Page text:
You remember how Starbucks was exiled from the forbidden city, right?

The story here is that, for Starbucks — one of the most iconic brands in the known universe — to lose the Forbidden City — one of China’s singular historic icons — well, that’s gotta smart. Even given the store’s low-key presence in the 600 year old Imperial Palace, it was an important symbol for Starbucks, and for China.

For Starbucks this landmark location was an anchor in the shifting tides of modern Chinese culture and a (relatively) safe harbor against China’s deep-seated ambivalence to Western-style capitalism. Quite simply the Forbidden City was an icon for an icon, a touchstone of Starbucks’ international ambitions.

For China, Starbucks’ presence was symbolic of nationalist China’s embrace — however adolescent and awkward — of Western commercial interests. It was a sign of the times seven years ago. It is — ominously — a sign of the times again, today.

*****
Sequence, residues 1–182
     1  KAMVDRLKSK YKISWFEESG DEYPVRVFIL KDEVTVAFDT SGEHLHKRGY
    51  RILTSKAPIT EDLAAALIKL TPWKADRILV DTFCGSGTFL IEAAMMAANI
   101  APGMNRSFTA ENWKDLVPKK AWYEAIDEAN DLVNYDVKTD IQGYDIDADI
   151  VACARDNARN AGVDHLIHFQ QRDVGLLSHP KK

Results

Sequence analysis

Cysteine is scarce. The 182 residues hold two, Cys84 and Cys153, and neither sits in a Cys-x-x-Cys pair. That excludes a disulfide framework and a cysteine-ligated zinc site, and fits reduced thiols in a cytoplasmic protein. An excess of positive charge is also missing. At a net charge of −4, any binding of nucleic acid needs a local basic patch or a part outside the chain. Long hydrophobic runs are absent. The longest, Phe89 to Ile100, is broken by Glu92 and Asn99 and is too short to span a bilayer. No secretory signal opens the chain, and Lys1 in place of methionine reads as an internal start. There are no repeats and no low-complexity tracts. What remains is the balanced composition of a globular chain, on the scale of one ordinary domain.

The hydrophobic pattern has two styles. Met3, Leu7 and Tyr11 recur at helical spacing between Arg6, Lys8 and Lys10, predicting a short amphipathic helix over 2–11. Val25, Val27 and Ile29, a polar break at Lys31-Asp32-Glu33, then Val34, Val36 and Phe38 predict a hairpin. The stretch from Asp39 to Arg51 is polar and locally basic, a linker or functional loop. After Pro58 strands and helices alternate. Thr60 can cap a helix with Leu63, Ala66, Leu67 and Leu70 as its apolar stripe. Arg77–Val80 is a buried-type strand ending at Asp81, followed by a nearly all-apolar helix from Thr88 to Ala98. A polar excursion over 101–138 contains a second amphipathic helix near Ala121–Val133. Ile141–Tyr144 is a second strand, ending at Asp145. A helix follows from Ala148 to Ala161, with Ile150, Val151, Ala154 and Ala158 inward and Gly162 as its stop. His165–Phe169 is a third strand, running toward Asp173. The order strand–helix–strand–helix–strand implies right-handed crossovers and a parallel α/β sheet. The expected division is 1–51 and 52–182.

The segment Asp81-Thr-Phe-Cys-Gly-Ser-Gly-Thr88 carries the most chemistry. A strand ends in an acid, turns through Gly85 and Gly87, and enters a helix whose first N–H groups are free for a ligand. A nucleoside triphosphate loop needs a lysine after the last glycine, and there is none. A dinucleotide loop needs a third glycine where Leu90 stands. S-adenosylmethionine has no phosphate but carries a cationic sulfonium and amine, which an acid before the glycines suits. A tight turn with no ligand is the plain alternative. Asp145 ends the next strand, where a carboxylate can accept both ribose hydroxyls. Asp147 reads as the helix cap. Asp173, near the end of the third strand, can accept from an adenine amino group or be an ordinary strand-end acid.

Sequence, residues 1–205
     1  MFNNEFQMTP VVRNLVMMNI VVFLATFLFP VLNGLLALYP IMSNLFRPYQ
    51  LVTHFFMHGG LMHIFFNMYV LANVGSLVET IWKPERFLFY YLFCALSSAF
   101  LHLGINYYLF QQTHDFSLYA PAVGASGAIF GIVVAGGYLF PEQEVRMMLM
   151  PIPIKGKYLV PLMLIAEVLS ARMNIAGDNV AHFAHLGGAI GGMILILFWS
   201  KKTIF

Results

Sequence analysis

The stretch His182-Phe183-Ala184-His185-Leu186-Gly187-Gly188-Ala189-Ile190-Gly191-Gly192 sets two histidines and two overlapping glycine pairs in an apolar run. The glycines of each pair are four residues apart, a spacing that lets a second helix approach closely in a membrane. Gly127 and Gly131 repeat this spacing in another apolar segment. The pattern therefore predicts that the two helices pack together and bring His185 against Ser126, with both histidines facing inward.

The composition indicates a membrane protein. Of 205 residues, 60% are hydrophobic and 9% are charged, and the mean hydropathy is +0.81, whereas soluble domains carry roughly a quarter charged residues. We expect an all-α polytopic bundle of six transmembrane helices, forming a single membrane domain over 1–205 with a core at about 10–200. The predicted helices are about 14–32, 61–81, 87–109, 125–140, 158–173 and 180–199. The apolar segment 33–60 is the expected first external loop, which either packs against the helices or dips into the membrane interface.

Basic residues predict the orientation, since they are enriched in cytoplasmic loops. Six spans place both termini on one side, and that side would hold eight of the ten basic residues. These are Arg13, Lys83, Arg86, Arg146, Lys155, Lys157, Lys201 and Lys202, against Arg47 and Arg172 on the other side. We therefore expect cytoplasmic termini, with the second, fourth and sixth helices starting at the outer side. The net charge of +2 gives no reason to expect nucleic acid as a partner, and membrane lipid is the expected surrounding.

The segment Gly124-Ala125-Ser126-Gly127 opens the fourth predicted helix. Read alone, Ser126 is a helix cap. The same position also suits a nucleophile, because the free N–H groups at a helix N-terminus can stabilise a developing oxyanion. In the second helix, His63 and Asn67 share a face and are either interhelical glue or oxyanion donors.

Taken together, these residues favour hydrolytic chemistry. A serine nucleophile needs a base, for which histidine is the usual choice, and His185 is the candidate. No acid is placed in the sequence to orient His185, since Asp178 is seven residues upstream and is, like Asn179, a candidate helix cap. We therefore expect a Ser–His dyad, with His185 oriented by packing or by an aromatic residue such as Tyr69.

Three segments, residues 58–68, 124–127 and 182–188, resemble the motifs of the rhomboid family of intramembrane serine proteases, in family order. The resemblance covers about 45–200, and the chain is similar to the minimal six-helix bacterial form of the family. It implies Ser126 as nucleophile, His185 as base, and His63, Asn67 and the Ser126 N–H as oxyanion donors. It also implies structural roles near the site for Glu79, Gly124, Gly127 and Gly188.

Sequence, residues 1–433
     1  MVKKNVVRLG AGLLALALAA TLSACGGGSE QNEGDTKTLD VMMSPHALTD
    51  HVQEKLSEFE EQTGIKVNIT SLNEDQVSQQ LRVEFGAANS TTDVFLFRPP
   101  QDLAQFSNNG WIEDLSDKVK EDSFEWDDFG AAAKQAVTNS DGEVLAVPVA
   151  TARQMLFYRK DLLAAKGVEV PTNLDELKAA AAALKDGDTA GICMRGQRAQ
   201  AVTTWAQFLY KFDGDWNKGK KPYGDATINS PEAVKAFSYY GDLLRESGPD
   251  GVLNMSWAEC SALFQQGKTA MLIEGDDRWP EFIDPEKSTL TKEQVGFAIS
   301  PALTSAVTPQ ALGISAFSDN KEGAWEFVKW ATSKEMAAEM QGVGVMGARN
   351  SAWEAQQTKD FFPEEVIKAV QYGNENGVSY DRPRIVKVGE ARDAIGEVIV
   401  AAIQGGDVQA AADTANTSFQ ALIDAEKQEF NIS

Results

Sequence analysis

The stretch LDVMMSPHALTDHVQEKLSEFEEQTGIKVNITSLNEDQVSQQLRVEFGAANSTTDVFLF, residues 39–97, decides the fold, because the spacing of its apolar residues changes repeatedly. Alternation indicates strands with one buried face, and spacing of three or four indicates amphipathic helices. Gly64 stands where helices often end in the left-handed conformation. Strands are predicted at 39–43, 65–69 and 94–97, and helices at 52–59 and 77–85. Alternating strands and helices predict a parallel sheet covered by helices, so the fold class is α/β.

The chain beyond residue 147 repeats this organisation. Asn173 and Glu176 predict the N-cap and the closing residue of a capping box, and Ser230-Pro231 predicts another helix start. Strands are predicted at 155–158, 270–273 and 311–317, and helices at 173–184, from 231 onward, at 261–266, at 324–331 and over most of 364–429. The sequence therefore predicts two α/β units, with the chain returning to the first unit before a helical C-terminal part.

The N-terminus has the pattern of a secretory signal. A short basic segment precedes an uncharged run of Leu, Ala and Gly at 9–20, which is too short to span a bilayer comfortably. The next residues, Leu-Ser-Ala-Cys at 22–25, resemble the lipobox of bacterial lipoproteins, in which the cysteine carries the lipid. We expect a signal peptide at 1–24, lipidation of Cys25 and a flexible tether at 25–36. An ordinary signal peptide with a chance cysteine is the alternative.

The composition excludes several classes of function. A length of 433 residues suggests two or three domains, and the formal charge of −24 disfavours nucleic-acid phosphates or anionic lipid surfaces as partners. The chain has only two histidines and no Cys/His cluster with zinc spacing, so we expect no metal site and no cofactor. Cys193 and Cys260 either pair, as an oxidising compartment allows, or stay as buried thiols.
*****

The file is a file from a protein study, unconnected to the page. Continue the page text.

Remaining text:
So, now that China has taken over the space formerly occupied by Starbucks it has replaced that awful stain of Western capitalism with… another coffee shop.1

“With wooden tables and chairs and pictures featuring Chinese culture, the Forbidden City Cafe serves not only coffee but also traditional Chinese beverages such as tea,” the China Daily said…

“Unlike the Starbucks coffee shop, the Palace Museum is the managerial authority of the cafe,” Li Wenru, deputy curator of the Forbidden City was quoted as saying.”

Well. That’s alright, then. It was all about how the place was managed.

  1. Yeah, I know… having happened a month ago it’s not exactly news, but it’s news to me. []

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